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Comparison of Different Sampling Methods and Effect of Pesticide Application on Spider Populations in Lime Orchards in South Florida

Divina M. Amalin, Jorge E. Peña, Robert Mcsorley, Harold W. Browning, Jonathan H. Crane
DOI: http://dx.doi.org/10.1603/0046-225X-30.6.1021 1021-1027 First published online: 1 December 2001

Abstract

A survey of predatory arthropods in lime orchards at Homestead, FL, showed that spiders significantly outnumbered the other predatory arthropods (the green lacewing Chrysoperla rufilabris, coccinellid Harmonia sp., and the ant Myrmelachista sp.). The spider community consisted of nine families, 25 genera, and 15 species. The abundance and diversity of the predatory spiders in lime orchards suggests their possible role in regulating the increase of arthropod pest populations. In general, comparison of three sampling methods revealed that the visual sampling method provided the highest number of spiders collected followed by the shake-cloth method and the DVAC suction method collected the least. However, our data showed that the choice of sampling method depends on the species of interest. For instance, spider species in the hunting group were collected frequently using the visual method followed by the shake-cloth method; whereas, most of the species in the web-building group were collected by the three sampling methods with similar frequencies. The difference in the efficiency of the sampling methods may be explained by the retreating habits of the different spider species. The data gathered in sampling the predatory arthropods in sprayed and nonsprayed lime orchards demonstrated the probable nontarget effect of the different pesticides used in the orchards.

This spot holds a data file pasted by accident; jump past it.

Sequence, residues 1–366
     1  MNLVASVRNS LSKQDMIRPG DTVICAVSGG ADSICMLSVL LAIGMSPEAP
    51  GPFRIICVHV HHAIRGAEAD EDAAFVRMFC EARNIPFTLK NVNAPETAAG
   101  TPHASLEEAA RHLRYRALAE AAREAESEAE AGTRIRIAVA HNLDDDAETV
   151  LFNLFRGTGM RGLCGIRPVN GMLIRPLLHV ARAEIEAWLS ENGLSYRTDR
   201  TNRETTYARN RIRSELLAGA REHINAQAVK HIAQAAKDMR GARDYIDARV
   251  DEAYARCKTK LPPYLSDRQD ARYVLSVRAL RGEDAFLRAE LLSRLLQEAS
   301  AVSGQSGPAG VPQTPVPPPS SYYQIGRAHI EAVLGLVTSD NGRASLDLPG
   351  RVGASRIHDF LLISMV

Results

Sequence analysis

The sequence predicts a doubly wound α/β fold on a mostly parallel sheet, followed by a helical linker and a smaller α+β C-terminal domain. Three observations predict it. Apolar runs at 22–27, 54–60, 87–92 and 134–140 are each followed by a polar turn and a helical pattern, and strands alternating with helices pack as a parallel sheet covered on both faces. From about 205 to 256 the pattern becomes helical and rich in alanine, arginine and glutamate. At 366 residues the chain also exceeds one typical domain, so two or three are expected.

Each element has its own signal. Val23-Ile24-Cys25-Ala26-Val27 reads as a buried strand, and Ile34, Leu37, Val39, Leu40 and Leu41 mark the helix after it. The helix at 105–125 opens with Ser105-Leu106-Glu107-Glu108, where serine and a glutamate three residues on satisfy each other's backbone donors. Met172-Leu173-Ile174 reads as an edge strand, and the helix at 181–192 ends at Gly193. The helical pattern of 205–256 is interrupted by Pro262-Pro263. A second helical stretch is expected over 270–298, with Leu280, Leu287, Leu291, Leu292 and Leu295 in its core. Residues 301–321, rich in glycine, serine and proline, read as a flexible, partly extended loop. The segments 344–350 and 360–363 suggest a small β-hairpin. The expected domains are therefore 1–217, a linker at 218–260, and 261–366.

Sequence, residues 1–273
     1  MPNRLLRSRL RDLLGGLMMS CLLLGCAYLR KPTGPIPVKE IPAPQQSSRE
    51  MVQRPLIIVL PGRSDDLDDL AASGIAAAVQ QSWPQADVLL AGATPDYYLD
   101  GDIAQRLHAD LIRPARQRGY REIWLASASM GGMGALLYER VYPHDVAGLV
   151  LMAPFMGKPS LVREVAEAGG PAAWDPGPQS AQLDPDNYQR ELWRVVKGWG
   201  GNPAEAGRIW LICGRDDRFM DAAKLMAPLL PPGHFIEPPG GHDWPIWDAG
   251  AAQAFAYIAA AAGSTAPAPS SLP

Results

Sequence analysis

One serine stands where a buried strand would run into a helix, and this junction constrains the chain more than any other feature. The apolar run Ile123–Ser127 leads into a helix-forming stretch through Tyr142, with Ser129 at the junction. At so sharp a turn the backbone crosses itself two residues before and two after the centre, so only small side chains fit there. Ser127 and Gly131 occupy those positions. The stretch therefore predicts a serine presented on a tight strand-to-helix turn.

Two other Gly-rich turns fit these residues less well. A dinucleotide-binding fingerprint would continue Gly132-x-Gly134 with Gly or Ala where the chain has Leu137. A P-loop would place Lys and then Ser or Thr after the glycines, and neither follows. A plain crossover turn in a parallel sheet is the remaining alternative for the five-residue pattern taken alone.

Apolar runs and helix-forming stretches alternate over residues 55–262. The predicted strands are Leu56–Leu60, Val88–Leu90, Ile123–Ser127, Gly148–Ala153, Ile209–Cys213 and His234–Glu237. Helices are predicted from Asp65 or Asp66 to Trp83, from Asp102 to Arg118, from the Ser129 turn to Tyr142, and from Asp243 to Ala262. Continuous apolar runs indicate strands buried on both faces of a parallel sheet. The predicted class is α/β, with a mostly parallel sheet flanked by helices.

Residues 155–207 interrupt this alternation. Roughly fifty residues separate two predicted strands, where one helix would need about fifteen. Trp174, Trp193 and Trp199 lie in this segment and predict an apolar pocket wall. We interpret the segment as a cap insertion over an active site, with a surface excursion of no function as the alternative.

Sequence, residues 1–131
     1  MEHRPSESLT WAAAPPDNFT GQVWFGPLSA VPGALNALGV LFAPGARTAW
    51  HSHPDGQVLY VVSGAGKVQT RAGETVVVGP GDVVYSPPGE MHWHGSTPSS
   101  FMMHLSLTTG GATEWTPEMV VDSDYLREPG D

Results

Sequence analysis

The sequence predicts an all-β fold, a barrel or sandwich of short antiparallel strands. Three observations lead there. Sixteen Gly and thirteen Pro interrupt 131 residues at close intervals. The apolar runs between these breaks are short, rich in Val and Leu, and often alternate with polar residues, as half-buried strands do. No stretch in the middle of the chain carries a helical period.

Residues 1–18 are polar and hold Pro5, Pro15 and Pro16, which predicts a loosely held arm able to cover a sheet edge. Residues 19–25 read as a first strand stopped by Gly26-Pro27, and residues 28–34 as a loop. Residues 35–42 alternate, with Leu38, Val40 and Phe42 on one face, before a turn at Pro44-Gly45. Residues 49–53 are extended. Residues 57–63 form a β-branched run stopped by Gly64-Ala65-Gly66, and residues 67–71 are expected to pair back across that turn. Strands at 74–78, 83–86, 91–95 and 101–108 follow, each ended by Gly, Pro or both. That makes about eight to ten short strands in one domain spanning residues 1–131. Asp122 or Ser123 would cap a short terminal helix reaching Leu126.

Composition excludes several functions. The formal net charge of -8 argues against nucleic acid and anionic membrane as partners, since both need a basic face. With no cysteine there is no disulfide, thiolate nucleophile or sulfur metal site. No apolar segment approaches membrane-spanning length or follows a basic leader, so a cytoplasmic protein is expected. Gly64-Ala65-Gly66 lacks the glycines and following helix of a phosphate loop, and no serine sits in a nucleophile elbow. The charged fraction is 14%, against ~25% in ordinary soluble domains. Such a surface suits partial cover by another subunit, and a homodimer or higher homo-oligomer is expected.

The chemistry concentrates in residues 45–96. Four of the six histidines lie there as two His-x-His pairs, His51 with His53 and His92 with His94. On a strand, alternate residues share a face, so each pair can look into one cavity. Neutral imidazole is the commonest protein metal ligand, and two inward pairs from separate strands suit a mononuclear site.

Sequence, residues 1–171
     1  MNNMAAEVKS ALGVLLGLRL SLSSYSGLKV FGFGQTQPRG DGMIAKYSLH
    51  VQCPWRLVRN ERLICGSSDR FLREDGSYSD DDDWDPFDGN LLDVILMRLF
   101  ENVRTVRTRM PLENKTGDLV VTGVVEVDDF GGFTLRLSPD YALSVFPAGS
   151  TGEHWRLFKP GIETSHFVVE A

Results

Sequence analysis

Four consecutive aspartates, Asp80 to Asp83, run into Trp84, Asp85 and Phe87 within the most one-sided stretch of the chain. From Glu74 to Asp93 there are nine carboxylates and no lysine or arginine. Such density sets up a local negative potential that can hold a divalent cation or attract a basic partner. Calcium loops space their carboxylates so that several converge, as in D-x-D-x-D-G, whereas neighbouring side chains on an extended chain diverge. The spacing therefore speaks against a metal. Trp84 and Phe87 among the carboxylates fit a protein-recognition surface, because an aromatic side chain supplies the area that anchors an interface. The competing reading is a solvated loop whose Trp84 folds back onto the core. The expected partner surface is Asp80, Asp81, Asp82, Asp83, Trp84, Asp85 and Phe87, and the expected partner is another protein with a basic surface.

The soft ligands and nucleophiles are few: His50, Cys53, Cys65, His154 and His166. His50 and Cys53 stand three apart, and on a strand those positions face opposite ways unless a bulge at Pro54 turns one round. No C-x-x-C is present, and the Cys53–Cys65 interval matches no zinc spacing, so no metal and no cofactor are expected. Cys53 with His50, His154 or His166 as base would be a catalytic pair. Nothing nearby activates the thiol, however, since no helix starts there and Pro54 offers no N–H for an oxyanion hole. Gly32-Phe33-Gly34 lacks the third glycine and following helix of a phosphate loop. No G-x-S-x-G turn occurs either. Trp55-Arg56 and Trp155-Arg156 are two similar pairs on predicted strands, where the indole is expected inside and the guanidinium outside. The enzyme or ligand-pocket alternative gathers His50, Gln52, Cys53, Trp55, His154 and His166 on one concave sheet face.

• predatory arthropods
  • diversity
  • sampling methods
  • web spiders
  • hunting spiders
  • ambushers
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